You cannot sanely vote for code like :
Code: Pascal  [Select]
  1.   laParentclassspeakingIdentifyer.SubClassFunctionSpeakingIdentifyer.PositionSpeed:= laParentclassspeakingIdentifyer.SubClassFunctionSpeakingIdentifyer.PositionSpeed+ laParentclassspeakingIdentifyer.SubClassDefaultdataSpeakingIdentifyer.SomeAcceleration;
  2.   if  laParentclassspeakingIdentifyer.SubClassFunctionSpeakingIdentifyer.PositionSpeed > laParentclassspeakingIdentifyer.SubClassFunction2SpeakingIdentifyer.MaximumSpeed then
  3.     laParentclassspeakingIdentifyer.SubClassFunctionSpeakingIdentifyer.PositionSpeed := laParentclassspeakingIdentifyer.SubClassFunction2SpeakingIdentifyer.MaximumSpeed
  4.   else if  laParentclassspeakingIdentifyer.SubClassFunctionSpeakingIdentifyer.PositionSpeed < -laParentclassspeakingIdentifyer.SubClassFunction2SpeakingIdentifyer.MaximumSpeed then
  5.     laParentclassspeakingIdentifyer.SubClassFunctionSpeakingIdentifyer.PositionSpeed := -laParentclassspeakingIdentifyer.SubClassFunction2SpeakingIdentifyer.MaximumSpeed;
  6.   laParentclassspeakingIdentifyer.SubClassFunctionSpeakingIdentifyer.PositionOfSubclass := laParentclassspeakingIdentifyer.SubClassFunctionSpeakingIdentifyer.PositionOfSubclass + laParentclassspeakingIdentifyer.SubClassFunctionSpeakingIdentifyer.PositionSpeed;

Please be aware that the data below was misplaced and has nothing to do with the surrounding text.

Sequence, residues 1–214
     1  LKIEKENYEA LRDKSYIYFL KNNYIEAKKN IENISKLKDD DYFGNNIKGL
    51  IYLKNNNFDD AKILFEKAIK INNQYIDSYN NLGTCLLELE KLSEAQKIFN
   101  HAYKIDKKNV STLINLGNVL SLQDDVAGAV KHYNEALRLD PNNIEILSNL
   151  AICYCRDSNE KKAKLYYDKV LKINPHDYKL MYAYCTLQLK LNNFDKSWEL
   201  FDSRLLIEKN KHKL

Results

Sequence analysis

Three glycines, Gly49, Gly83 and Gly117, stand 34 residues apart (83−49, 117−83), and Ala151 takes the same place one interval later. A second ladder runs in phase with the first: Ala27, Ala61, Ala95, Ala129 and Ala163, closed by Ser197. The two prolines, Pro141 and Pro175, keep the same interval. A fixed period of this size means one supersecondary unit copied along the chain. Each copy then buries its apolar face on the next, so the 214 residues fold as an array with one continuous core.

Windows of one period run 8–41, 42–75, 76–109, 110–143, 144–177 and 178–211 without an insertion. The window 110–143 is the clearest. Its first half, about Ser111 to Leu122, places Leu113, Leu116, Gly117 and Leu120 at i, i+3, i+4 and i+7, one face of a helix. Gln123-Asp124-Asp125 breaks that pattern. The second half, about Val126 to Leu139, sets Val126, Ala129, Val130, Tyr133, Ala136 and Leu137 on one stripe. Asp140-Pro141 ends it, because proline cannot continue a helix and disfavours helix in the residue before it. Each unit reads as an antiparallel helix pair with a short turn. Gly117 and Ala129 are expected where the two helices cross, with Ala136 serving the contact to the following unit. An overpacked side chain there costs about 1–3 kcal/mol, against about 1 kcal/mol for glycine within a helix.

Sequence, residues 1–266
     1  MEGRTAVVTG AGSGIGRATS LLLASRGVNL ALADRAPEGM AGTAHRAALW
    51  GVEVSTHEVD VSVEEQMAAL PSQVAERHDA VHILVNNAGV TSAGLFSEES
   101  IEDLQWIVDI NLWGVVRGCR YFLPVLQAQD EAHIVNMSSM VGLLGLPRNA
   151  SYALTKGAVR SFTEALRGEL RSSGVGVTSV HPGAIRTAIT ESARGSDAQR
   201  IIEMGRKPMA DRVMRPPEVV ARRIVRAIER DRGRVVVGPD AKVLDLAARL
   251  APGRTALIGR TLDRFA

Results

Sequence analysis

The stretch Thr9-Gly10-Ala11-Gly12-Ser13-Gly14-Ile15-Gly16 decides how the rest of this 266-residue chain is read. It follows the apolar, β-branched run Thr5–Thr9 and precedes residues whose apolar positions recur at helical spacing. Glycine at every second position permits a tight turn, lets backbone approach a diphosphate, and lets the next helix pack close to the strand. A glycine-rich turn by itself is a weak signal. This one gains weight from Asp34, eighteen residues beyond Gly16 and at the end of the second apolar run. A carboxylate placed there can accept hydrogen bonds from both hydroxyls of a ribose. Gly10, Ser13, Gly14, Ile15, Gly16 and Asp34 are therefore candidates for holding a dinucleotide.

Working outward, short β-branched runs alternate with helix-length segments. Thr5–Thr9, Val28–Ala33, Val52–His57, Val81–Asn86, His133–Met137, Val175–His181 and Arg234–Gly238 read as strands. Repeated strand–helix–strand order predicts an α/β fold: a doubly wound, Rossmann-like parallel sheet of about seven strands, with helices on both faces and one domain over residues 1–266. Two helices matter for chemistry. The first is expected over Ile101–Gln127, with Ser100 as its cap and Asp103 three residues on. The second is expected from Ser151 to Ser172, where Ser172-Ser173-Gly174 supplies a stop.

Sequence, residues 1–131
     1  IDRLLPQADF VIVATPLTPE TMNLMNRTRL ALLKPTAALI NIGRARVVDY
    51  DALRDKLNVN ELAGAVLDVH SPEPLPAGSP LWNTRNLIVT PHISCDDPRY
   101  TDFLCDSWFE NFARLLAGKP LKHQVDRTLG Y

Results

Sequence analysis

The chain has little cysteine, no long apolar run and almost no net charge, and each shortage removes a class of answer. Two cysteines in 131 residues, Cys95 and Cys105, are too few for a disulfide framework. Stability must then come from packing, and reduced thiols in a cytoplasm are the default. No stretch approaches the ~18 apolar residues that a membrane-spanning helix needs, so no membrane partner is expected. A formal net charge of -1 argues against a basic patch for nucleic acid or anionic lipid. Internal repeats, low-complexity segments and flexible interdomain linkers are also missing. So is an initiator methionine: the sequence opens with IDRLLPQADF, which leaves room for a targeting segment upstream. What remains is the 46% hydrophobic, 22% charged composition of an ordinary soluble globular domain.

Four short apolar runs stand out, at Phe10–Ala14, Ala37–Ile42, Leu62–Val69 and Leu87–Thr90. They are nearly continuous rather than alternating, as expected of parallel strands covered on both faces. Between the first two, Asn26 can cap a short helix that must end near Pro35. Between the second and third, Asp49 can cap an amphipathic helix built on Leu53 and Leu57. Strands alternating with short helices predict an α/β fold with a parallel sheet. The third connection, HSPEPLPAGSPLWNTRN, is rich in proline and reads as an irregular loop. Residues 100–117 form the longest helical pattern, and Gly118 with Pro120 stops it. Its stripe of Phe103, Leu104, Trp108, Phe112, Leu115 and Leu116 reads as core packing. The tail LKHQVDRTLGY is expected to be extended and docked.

7.    if laParentclassspeakingIdentifyer.SubClassFunctionSpeakingIdentifyer.PositionOfSubclass > laParentclassspeakingIdentifyer.SubClassFunction2SpeakingIdentifyer.MaximumPosition then  
  8.       begin      
  9.         laParentclassspeakingIdentifyer.SubClassFunctionSpeakingIdentifyer.PositionOfSubclass := laParentclassspeakingIdentifyer.SubClassFunction2SpeakingIdentifyer.MaximumPosition;
  10.         laParentclassspeakingIdentifyer.SubClassFunctionSpeakingIdentifyer.PositionSpeed:= 0;
  11.       end
  12.     else if  laParentclassspeakingIdentifyer.SubClassFunctionSpeakingIdentifyer.PositionOfSubclass < laParentclassspeakingIdentifyer.SubClassFunction2SpeakingIdentifyer.MinimumPosition then  
  13.       begin      
  14.         laParentclassspeakingIdentifyer.SubClassFunctionSpeakingIdentifyer.PositionOfSubclass := laParentclassspeakingIdentifyer.SubClassFunction2SpeakingIdentifyer.MinumumPosition;
  15.         laParentclassspeakingIdentifyer.SubClassFunctionSpeakingIdentifyer.PositionSpeed:= 0;
  16.       end;
  17.  

That code with my suggestion would look like:
Code: Pascal  [Select]
  1. with laParentclassspeakingIdentifyer.SubClassFunctionSpeakingIdentifyer,
  2.        laParentclassspeakingIdentifyer.SubClassDefaultdataSpeakingIdentifyer,
  3.        laParentclassspeakingIdentifyer.SubClassFunction2SpeakingIdentifyer do
  4.   begin
  5.     (2).PositionSpeed:= (2).PositionSpeed+ (1).SomeAcceleration;
  6.     if  (2).PositionSpeed > (0).MaximumSpeed then